Beowulf on Steorarume

Text of
Nine Herbs Charm

facing a New Translation
(with explanatory notes)

edited & translated by

from the Lacnunga, fol. 160r-163v
(British Library MS Harley 585 [Gneuss 421])
Anglo-Saxons charms mix, what would seem to us as, magic with medicine, pagan folklore with Christianity, science with miracle--though such distinctions (which, like all distinctions, are somewhat artificial in truth) would not have been likely to be apparent to our Anglo-Saxon forebearers, Christian or not.  

In Old Germanic medico-magical philosophy (see n.31), serpents ( wyrmas ) and their poison (attor) as the symbolic agent of disease and illness. In fact, many ancient Indo-European poems celebrate the defeat of serpents by gods or heroes, from the Indian Rg Veda to the Norse stories of Þórr's slaying of the Miðgarðsormr (world-serpent). Our own poem, Beowulf, concludes with Beowulf's heroic struggle with the dragon, probably an English echo of the same primæval Indo-European tale which lies behind Indra's struggle with Vrtra (Rg-Veda I.32, I.80).

We see herein a conflation or syncretism between pre-Christian Germanic magic/theology/folklore (e.g. the serpent as disease, Woden's shamanistic sacrifice of himself for the mystery of the runes) and Christian myth (e.g. Christ on the Cross, the apple and the serpent). In fact, the distinction between Christ and Woden is obscured even further by the reference to 'the hanging lord', ostensibly Christ on the Cross, but also recalling Woden's sacrifice of himself to himself in which he hanged himself in a tree for nine nights (night herbs?) and pierced himself with his own emblematic spear in order to gain the mysteries of the runes (Hávamál 138-9, in the Elder Edda).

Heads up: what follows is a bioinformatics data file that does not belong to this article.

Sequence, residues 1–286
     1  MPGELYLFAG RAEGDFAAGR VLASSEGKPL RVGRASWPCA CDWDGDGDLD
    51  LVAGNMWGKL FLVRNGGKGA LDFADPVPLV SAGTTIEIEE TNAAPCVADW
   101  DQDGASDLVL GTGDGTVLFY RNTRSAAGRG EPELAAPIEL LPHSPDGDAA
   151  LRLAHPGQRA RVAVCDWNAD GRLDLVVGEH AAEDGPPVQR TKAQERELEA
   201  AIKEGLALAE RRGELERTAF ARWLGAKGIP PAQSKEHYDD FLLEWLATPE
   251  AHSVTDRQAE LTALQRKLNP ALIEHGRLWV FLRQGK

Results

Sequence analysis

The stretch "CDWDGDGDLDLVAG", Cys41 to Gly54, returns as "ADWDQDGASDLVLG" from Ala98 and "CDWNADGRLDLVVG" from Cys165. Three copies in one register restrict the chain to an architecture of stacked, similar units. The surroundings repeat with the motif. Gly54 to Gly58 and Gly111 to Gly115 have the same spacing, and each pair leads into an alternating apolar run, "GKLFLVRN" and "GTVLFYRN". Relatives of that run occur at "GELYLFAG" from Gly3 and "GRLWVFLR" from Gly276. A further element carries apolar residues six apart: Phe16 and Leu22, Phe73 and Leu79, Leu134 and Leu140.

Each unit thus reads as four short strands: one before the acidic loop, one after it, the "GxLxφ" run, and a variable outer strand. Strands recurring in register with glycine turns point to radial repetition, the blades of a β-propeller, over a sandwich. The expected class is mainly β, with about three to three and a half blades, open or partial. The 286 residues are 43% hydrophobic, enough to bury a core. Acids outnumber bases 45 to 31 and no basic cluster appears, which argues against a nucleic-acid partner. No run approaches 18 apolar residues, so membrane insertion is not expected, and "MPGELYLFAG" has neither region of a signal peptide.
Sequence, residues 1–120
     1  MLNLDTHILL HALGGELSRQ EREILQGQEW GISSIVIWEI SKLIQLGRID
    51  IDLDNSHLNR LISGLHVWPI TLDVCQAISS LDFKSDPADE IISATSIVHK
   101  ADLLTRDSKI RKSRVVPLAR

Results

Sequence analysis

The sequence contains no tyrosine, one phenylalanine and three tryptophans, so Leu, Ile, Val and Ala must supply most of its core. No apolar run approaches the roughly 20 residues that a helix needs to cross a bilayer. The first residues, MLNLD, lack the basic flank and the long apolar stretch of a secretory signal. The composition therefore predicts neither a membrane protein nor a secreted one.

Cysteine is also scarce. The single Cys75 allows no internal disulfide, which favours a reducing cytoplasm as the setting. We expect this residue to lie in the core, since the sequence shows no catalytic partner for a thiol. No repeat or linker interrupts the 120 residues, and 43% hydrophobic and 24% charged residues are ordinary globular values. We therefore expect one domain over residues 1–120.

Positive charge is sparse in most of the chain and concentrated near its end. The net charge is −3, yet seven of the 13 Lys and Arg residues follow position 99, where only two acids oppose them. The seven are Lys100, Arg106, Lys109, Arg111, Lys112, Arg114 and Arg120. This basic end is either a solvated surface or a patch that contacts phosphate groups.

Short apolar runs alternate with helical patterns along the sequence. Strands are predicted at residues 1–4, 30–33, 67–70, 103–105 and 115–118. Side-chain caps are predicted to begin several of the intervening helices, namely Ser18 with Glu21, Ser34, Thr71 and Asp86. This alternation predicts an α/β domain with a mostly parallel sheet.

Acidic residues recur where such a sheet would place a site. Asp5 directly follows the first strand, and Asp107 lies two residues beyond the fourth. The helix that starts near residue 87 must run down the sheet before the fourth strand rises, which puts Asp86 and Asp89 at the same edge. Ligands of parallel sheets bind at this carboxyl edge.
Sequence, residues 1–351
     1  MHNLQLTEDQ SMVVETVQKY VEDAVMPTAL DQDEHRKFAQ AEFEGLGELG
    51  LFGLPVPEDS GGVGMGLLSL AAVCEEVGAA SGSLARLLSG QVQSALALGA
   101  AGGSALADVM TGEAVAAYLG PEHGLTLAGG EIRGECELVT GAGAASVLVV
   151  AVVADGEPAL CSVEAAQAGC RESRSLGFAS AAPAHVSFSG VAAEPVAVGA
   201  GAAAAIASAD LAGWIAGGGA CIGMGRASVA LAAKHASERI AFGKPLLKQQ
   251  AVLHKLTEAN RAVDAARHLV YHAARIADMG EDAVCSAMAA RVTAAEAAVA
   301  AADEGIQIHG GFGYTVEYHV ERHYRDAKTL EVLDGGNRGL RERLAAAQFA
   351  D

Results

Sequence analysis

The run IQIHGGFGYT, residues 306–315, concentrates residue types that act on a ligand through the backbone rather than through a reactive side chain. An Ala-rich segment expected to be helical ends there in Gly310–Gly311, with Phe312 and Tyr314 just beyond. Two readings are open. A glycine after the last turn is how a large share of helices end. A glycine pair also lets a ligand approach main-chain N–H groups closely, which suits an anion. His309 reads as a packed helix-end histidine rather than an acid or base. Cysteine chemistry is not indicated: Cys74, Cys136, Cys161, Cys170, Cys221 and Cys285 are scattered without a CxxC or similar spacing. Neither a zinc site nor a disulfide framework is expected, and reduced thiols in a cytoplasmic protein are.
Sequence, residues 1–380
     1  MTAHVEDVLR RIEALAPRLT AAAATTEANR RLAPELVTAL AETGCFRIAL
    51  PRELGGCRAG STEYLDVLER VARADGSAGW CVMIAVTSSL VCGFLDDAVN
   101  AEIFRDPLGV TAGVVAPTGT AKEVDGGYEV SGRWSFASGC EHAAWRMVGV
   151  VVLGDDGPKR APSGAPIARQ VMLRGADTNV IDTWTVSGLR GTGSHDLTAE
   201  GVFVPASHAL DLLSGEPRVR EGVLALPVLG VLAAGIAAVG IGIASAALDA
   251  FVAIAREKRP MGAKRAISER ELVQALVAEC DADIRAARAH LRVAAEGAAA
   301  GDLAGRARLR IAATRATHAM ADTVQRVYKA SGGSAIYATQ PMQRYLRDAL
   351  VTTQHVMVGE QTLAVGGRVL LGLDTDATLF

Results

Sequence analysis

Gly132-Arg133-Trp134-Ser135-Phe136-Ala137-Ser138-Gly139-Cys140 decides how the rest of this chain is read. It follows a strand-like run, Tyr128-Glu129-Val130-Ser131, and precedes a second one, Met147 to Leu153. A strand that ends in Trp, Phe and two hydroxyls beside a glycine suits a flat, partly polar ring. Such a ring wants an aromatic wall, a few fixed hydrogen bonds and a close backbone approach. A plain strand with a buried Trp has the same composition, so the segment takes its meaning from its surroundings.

The manuscript (MS BL Harley 585) containing the Lacnunga (so named by Cockayne), in which Woden's Nine Herbs Charm appears dates from around the 10th- or 11th-c. This late date means that one must consider the possible Scandinavian influence upon the charm, as we have few overt accounts of Woden in Old English (i.e, in OE poetry it elsewhere appears only in the Exeter Book Maxims which compare Woden unfavourably to Yahweh: Woden worhte weos, wuldor alwalda, / rume roderas 'Woden made idols, the Almighty [Yahweh] [made] glory, the spacious heavens'; Woden also appears in most of the royal genealogies of the old English royal families, e.g., Fram ðan Wódne áwóc eall úre cynecynn, and Súðan-Hymbra eác.. (Anglo-Saxon Chronicle, year 449; Earle 13, 20)). One must be particularly cautious about attributing some particular form of Woden-worship to pre-Christian Saxons due to the 'folklore-ishness' of such charms. For instance, many Old English charms mix Latin prayers with Old English formulae and quite a few charms contain Greek or Old Irish verses-if indeed this is what they are-so corrupted as to be uninterpretable. For that matter the Latin prayers themselves may well have been uninterpretable to many Anglo-Saxon læcas (healers, doctors). However, Woden appears in a number of place-names mostly in southern England, well outside of the Danelaw areas--e.g. Woddesgeat (Wiltshire), Wodnesbeorg (Wiltshire), Wodnesdene (Wiltshire), Wensley (Derbyshire), Wodnesfeld (Essex), Woodnesborough (Kent), &c. (see Gelling, pp.154-61)--which suggests an early Woden cult in parts of pre-Viking southern England.